Catholic Church calls for prayers for Irish priest

| October 25, 2009

PAGADIAN CITY, Zamboanga del Sur, Philippines — The leadership of the Catholic Church in Zamboanga del Sur, has called on the faithful to stage prayer vigils for the immediate release of 79-year-old Irish missionary priest Michael Sinnott who was kidnapped from his residence last Oct. 11.

Speaking in a multi-sectoral and ecumenical prayer rally on Saturday, Bishop Emmanuel Cabajar, prelate of the Pagadian diocese, said he asked the parishes throughout the province’s 21 towns and this city to hung streamers bearing the same message.

The call for prayer vigils was actually aired by Cabajar in an October 16 pastoral letter.

He said the prayers should continue especially to ask for the continuing safety and health of Sinnott while in captivity, and hopefully his eventual freedom.

The prayer rally by some 600 people coming from various faiths was staged in a bid to soften the stance of the kidnappers of the ailing priest who is on his second week of captivity.

Faced with an atmosphere of waiting and a host of unverified information relating to the condition and whereabouts of Sinnott, people here turned to the “more prayer, more power” outlook.

“Kagawasan, kalingkawasan ni Fr. Mick iampo natong tanan (Let us all pray for the freedom of Fr. Mick),” declared a banner in the rally.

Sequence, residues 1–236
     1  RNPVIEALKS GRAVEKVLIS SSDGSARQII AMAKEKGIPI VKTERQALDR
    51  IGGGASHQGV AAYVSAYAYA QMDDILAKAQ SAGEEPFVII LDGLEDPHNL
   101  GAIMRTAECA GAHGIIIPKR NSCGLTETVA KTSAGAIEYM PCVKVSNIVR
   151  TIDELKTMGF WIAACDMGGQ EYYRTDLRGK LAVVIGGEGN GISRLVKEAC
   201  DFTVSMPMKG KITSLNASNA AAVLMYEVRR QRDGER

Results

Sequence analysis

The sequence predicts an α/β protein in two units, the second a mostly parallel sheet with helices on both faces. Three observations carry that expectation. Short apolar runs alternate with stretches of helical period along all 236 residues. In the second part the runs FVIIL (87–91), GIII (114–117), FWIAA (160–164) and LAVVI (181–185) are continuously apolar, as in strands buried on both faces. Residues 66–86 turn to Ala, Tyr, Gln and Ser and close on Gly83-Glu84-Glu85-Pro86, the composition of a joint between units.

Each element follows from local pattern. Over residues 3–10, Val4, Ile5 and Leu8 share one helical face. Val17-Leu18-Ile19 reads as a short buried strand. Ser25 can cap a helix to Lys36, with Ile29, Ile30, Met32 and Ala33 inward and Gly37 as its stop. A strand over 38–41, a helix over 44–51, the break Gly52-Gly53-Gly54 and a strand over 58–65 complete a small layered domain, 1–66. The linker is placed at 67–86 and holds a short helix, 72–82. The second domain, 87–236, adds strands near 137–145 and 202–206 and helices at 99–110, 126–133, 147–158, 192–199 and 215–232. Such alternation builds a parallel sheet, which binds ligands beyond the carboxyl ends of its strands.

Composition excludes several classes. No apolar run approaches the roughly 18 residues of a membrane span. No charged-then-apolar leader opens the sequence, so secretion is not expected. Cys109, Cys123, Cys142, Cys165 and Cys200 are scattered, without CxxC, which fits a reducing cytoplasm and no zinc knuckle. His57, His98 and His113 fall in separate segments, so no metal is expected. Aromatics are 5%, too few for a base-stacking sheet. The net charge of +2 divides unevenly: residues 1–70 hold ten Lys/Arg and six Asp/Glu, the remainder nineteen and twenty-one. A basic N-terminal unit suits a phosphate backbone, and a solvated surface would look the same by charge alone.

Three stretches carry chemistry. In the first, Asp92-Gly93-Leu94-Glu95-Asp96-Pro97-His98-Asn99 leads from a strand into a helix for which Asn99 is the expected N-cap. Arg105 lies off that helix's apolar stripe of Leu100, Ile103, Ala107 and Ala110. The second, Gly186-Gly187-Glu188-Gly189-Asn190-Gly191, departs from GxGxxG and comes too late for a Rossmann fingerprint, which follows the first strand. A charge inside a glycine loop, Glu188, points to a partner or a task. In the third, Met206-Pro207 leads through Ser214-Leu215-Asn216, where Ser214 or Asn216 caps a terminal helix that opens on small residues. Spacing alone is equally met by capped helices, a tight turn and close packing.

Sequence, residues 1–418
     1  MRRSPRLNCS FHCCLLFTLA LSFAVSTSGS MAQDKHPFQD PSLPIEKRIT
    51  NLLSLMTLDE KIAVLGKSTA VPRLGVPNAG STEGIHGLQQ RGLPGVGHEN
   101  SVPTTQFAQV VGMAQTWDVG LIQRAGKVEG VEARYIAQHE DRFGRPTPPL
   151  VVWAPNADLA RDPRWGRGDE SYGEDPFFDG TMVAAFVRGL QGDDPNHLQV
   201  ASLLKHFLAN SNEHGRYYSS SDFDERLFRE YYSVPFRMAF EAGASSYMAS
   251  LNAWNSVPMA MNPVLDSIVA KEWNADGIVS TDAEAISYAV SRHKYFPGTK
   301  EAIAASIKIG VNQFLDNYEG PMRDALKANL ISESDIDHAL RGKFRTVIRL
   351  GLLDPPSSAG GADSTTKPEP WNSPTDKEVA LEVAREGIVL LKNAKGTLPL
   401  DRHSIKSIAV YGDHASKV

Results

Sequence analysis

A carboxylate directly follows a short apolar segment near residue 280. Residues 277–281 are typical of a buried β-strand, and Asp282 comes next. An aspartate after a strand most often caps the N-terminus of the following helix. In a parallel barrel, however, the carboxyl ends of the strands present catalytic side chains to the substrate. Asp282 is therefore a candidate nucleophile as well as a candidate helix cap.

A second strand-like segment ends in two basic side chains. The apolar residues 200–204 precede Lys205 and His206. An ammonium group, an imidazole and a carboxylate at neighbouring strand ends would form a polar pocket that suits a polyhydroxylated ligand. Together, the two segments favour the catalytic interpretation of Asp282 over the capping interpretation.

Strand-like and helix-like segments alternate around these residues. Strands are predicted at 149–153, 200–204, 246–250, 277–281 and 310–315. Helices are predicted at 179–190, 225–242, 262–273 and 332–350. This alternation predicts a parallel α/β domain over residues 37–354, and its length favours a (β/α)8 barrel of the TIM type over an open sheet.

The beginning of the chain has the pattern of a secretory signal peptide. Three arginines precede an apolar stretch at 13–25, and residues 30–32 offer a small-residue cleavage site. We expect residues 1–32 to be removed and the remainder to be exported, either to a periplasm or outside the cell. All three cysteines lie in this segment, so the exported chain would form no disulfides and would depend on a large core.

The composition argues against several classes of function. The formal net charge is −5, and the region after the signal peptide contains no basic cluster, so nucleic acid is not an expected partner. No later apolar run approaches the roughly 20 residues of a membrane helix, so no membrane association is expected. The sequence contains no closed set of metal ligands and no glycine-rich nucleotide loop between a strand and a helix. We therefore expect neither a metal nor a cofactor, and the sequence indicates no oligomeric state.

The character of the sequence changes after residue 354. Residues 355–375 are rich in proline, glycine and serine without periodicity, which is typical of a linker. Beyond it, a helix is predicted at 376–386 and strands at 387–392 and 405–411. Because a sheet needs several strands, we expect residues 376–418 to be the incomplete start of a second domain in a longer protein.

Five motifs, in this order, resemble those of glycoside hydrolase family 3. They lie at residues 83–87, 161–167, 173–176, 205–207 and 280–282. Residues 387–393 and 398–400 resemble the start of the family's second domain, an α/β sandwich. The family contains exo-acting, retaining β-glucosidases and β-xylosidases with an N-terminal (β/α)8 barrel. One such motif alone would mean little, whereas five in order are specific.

This developed as the Moro Islamic Liberation Front (MILF) said its forces were in the final stretch of wrapping its validation of the findings of its ground forces about the current location of Sinnott and his kidnappers.

Eid Kabalu, MILF chief for civil-military affairs, said they already communicated with Philippine authorities about its initial findings. According to Kabalu, citing intelligence received by the MILF, Sinnott is being held somewhere in Sultan Naga Dimaporo town in Lanao del Norte.

However, Kabalu said that as of Sunday, it was “not yet advisable …to launch a rescue operation.”

Local authorities trying to contact with Sinnott’s kidnappers to be able to deliver his medicines and get proof of life, have not received any positive feedback from the abductors.

Saturday’s three-hour prayer rally overflowed with testimonies from individuals and groups of how Sinnott’s work benefited them. There were emotional appeals for his unconditional release.

The gathering is the second in a series that started Sunday last week and spearheaded by parents of special children served by the charity initiative Hangop Kabataan and Sinnott’s colleagues in the Interfaith Forum for Peace and Solidarity.

In a statement, the Consortium of Bangsamoro Civil Society Organizations stressed that “the kidnapping has no place in a democratic and civilized society.”

Isagani Verdida, father of a Hangop Kabataan beneficiary, said he has been praying that Sinnott’s kidnappers would be able to realize “their shameful act at each day” they tend to him in captivity.

Verdida said that by abducting the Irish priest, “they also kidnapped the hopes of the (special) children (at Hangop Kabataan).”

“I know that in your heart you have the seeds of divine goodness. Hear your heart,” said Fr. Patrick O’ Donoghue, superior of the Missionary Society of Saint Columban in the Philippines, addressing himself to the kidnappers.

“I know you are capable of mercy and compassion,” he added.

O’ Donoghue clarified that the Columban congregation did not exactly know who Sinnott’s kidnappers have been or where he was being kept until now.

“But one thing I know, they have done wrong,” O’ Donoghue said.

Cabajar said he hoped that Sinnott’s kidnappers “will not be tempted to hurt him.”

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Category: Mission Trip/Missionary Security

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